‘Sir Hereward And Mister Fitz: Three Adventures’ by Garth Nix collects for the first time in one place all three stories about the titular protagonists. The two novels and one short story have all been published previously in different anthologies.
Sir Hereward is a knight, an artillerist, a swordsman and an ill-starred lover. Mister Fitz is a magically animated puppet, a sorcerer, a loremaster, a practitioner of arcane arts now mostly and thankfully forgotten and former nursemaid to Sir Hereward. Both of them are agents of the Council of the Treaty for the Safety of the World. Their job: locate and remove listed extra-dimensional entities, more commonly known as gods or godlets. Each of the stories in this collection describes their handling of one of those entities.
In ‘Sir Hereward And Mister Fitz Go to War Again’ (2007), the two unlikely companions come to a prospering city surrounded by derelict cities. It is not long before they discover the reason for this imbalance.
The pair have to travel ‘Beyond The Sea Gate Of The Scholar-Pirates Of Sarsköe’ (2008) to slay a godlet in the form of a giant yellow starfish, but first they have to disguise themselves as pirates to get unlikely allies who will help them reach their goal.
When Sir Hereward is recovering from his wounds at a peaceful monastery, the search for ‘A Suitable Present For A Sorcerous Puppet’ (2010) leads him to an unexpected discovery and nearly to his death. All the while Mister Fitz is digging…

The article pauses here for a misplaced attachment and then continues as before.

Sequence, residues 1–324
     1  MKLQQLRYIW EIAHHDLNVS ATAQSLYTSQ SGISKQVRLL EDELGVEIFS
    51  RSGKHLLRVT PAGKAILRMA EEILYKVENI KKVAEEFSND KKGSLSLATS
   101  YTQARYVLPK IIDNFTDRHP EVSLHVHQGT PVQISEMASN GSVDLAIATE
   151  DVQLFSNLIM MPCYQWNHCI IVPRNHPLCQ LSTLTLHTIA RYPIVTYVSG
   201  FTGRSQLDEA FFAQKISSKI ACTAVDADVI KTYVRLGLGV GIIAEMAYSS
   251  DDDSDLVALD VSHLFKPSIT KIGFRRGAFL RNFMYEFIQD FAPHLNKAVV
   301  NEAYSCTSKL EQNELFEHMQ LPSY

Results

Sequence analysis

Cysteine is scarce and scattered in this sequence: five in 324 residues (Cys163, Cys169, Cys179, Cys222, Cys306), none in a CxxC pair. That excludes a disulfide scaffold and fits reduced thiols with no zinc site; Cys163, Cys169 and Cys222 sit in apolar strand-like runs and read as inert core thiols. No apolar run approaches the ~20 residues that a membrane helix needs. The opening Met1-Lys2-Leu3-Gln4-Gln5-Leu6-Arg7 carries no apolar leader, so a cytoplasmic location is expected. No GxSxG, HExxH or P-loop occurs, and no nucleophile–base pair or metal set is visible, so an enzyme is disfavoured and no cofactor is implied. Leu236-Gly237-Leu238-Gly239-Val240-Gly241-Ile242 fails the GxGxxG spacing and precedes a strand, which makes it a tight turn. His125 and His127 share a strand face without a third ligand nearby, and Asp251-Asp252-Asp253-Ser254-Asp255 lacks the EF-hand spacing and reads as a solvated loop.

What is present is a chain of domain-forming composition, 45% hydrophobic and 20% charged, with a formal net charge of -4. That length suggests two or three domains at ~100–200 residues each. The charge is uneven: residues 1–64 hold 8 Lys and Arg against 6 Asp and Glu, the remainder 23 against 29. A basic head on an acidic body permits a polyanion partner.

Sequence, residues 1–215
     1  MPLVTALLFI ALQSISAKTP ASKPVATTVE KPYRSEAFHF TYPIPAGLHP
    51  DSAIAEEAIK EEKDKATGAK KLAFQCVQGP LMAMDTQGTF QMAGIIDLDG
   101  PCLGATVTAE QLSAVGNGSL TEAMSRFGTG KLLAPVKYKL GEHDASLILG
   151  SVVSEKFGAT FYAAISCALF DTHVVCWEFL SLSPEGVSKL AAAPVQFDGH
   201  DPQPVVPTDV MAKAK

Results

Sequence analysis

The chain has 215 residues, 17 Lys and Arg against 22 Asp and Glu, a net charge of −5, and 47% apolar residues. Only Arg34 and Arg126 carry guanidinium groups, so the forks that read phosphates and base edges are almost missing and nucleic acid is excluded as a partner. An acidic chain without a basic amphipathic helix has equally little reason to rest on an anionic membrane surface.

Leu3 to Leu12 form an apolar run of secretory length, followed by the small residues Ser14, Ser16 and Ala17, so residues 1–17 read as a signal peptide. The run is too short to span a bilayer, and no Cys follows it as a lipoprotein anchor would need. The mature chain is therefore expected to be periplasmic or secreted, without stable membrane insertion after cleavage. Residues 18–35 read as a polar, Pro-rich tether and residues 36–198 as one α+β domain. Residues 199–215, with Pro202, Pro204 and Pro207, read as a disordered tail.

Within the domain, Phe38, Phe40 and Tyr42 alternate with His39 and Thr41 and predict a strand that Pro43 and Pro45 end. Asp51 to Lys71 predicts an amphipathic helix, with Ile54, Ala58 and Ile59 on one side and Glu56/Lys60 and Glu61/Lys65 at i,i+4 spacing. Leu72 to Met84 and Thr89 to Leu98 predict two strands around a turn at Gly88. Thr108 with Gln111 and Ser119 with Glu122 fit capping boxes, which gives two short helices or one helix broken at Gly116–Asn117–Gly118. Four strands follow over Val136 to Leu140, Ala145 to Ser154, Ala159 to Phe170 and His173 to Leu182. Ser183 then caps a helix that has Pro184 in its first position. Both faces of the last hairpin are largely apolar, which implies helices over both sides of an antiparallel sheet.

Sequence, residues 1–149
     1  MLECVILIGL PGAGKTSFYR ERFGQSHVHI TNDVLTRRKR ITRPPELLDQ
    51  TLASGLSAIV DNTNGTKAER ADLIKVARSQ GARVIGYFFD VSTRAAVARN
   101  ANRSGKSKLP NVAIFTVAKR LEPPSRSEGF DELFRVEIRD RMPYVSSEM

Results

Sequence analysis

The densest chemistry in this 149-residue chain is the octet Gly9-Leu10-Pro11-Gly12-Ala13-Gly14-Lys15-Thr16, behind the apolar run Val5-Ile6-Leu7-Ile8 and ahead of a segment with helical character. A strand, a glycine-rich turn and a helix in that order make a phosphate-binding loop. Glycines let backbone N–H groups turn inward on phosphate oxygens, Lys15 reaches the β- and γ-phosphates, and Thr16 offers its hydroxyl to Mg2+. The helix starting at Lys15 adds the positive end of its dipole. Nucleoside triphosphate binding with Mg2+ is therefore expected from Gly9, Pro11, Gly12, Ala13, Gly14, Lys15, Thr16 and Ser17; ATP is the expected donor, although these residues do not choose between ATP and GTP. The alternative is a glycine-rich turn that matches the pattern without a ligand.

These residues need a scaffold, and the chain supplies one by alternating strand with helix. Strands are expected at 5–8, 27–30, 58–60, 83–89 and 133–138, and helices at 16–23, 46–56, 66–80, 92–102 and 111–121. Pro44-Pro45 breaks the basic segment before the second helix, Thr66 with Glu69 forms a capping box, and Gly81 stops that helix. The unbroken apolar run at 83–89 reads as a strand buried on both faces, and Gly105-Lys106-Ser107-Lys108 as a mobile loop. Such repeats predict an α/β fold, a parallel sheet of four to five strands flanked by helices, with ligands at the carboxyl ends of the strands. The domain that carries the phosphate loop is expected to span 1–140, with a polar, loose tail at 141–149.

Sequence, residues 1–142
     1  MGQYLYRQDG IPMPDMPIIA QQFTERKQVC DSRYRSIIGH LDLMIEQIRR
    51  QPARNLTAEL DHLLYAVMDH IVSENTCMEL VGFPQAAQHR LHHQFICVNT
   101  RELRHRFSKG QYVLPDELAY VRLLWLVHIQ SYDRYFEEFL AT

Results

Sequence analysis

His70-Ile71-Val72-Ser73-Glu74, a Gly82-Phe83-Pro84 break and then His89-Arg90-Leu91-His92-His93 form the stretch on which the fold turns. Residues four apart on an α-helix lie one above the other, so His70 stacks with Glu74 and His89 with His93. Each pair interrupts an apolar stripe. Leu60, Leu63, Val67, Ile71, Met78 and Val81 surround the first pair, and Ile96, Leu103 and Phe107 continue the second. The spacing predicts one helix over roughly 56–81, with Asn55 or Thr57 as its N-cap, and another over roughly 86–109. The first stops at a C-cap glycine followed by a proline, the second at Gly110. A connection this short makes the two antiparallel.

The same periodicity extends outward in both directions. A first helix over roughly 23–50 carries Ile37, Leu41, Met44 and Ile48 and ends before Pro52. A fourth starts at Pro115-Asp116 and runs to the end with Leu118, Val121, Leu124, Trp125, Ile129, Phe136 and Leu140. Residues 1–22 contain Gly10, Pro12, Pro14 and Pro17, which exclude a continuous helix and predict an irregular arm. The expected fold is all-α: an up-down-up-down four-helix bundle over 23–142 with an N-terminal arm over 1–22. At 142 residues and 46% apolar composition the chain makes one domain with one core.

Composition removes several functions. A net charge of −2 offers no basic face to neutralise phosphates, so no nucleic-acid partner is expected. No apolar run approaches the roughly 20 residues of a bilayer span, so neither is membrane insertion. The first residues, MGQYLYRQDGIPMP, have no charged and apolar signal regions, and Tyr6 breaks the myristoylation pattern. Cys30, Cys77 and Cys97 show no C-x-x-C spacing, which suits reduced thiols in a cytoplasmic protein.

All three stories are delightful to read, despite them being slightly different in tone. Whereas the first is relatively straightforward heroic fantasy, the second one is a bit more leaning to horror and the third one offers more comedy. But the deadpan tone in which they are all told makes them amusing. They are best read in publication order, just so that you get all the relevant information about the characters and the setting right from the beginning.
Sir Hereward and Mister Fitz are flawed heroes. They do good by slaying evil entities but both of them are prepared to sacrifice innocents to do so, as the lives of the many outweigh the lives of the few. Still at least Sir Hereward has a conscience – who knows, with a self-willed wooden puppet – and regrets some of his deeds. He is also the main viewpoint character. We see his part of the god-slaying with our own eyes, mostly keeping the minions occupied, whereas Mister Fitz does unspeakable things with esoteric needles out of sight, which lends his deeds an air of well-placed mystery.
The stories in ‘Sir Hereward And Mister Fitz: Three Adventures’ are a deviation from Garth Nix’s usual Young Adult fare, however a successful one. They are aimed at an adult audience, not due to too sexy content but because of the complex themes they tackle. The stories are overall very atmospheric and conjure images of an old world which has seen the rise and fall of uncounted civilisations, but they are also quite dark and gruesome at times. Garth Nix masters the short form as well as his novels and at least the two main protagonists don’t feel flat. The stories wouldn’t be out of place in an anthology like ‘Songs Of The Dying Earth’ and fans of Jack Vance and of high fantasy should definitely risk a glance. I would love to read more about the adventures of Sir Hereward and Mister Fitz. Perhaps Garth Nix will someday delight us with a novel about the two godslayers.
(pub: Subterranean Press. 134 page hardback. Price: $35.00 (US). ISBN: 978-1-59606-500-0)
check out website: www.subterraneanpress.com